Coptic Play Shadows Egypt’s Legislative Polls

ALEXANDRIA, Egypt, October 23, 2005 ( & News Agencies) – The sectarian tension in Egypt’s second city of Alexandria over an anti-Islam play produced by an Orthodox church is casting a shadow over the upcoming parliamentary elections in the Arab worlds’ most populous country.

The Coptic candidate of the ruling National Democratic Party (NDP) in Alexandria, Maher Khella, was in a fiery mood insisting that the play at issue did not convey an anti-Islamic message and decided to withdraw from the parliamentary race “to defuse tensions” and in protest at the Muslim demonstration.

“The (Muslim) demonstrators burned copies of the Bible yesterday. This is unacceptable and right now we can’t even accept excuses,” Khella told Agence France-Presse (AFP) on Sunday, October 23.

“I have presented a request to my party demanding my candidacy in the elections be withdrawn in an attempt to defuse the tension,” he added.

At least three people have been killed and around 60 injured in violent clashes Friday, October 21, between thousands of Muslim protestors and police in the coastal city amid mounting tensions over a DVD release of the play produced by the Mar Girgis Church two years back.

Entitled “I was blind and now I can see”, the play tells the story of a young Christian who reverted to Islam and is exhorted by a sheikh to kill priests and destroy churches.

Abused and maltreated by the sheikh and his group, the young man eventually abandons Islam. The play further mocks at the bases of the Muslim faith.

One of the protesters categorically denied in statements to’s correspondent that copies of the Bible had been burned.

“We only chanted pro-Islam and pro-Prophet Muhammad slogans,” he said energetically.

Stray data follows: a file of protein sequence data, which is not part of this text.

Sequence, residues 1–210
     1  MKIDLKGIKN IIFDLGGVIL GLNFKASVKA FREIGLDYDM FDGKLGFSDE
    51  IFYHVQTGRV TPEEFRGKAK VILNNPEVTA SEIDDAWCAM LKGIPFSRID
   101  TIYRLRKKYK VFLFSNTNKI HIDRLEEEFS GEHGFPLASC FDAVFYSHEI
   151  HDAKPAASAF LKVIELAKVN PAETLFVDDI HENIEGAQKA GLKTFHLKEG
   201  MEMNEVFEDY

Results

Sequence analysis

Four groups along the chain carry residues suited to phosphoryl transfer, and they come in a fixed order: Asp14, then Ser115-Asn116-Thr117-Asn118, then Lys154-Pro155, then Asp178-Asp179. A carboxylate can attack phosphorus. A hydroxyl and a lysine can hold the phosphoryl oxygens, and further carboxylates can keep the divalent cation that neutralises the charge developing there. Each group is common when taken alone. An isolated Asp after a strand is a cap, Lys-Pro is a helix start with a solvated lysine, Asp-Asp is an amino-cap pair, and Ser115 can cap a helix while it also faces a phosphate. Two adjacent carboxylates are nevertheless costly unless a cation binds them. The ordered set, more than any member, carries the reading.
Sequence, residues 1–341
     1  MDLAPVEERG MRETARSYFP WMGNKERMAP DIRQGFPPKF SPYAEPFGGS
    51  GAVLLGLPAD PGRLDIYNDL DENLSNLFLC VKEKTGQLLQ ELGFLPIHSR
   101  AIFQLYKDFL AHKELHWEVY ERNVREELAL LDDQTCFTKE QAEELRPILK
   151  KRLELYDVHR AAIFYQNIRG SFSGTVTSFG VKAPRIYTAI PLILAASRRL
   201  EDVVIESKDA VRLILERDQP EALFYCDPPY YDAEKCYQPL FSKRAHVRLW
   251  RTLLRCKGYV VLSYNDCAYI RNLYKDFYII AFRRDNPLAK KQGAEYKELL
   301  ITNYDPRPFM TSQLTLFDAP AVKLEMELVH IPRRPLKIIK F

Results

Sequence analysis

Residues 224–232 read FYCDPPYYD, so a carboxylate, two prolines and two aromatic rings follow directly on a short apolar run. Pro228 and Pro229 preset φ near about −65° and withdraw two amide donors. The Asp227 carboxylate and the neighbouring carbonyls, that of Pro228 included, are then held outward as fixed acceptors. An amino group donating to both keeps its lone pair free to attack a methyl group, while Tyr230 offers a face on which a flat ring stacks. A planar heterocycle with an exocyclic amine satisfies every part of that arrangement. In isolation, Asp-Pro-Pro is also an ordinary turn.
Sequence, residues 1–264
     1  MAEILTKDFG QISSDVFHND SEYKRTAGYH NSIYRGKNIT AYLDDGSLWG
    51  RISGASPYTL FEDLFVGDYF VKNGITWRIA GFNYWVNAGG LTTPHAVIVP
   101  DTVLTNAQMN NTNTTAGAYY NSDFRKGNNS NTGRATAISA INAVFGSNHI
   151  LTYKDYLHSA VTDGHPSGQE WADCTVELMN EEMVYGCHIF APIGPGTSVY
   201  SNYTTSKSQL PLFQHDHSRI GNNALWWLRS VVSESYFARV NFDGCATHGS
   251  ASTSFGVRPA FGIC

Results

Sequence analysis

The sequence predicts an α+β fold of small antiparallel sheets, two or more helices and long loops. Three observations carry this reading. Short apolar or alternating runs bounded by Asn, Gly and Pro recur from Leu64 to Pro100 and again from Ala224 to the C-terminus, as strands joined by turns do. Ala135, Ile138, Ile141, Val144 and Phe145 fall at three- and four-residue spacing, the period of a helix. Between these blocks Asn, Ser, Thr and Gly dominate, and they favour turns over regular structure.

“Muslims holds the Bible in high esteem and see Jesus as one of the messengers of Allah. All we demanded during the demonstration was a clear apology from the church.”

Friday’s mass rally erupted after the expiry of an ultimatum demanding a formal apology from Coptic Pope Shenouda III.

Calm had returned to the streets of Alexandria Saturday, October 22.

But IOL’s correspondent says tension between Muslims and Copts in this coastal city is to aggravate unless the Church leaders listened to the voice of reason and offered an apology via the media in case they wanted to nip the sedition in the bud.


An NDP source criticized Khella’s “escape” from an expected crushing defeat at his constituency in the parliamentary elections due to kick off on November 15.

“He might have felt unlikely to win the election, and took advantage of the incident to evade the loss and retreat from the contest,” said the NDP official, hitting out at Khella for linking his election bid to the current standoff.

“Add to that, Khella is not representing the Muharram Bek constituency where Mar Girgis church exists.”

Khella is not even popular at his Ghorbal constituency, added one of the district’s eligible voters.

“The NDP has fielded him because he is a business tycoon who owns one of the country’s largest spirits factory,” added the voter, speaking on condition of anonymity.

The incident also played well into the hands of other candidates.

Independent Mohammad al-Badrashini was so keen on showing up daily in the troubled district, though he was running in another constituency.

A number of NDP candidates have also appeared in the area during the demonstrations, and some of them tried to convince church leaders to say sorry.

The candidate of the Muslim Brotherhood further demanded the Coptic Orthodox Church to clarify its position on the play.

“I”m not asking for an apology but the Church must make a clear statement because the DVD was watched by many and it clearly harms the image of Islam,” Osama Gado told AFP.

The liberal opposition Ghad party candidate, Tamer Harfush, also stepped in and lambasted the play.

“The play compares Islam and Christianity, Jesus and Prophet Muhammad, presenting the first as a man who sacrificed his life and the second as more preoccupied with earthly pleasures,” Harfush said.

Pope Shenouda III and the Church”s lay council issued a statement stressing that the play had been performed only once two years ago and accusing the Egyptian press of fanning sectarian tensions.

“Should Christians be blamed for mere rumors that are spread by newspapers?” Shenouda asked in the statement, which was carried by the official MENA news agency.

Another statement was issued by Pope Shenouda III and Al-Azhar Grand Imam Mohammad Sayyed Tantawi, calling on all sides to practice restraint.

“As we celebrate the holy month of Ramadan, we gather around one table to break the fast, Muslims and Christians together,” it said.

The pope”s scheduled participation Saturday, October 22, in an Alexandria Iftar was postponed.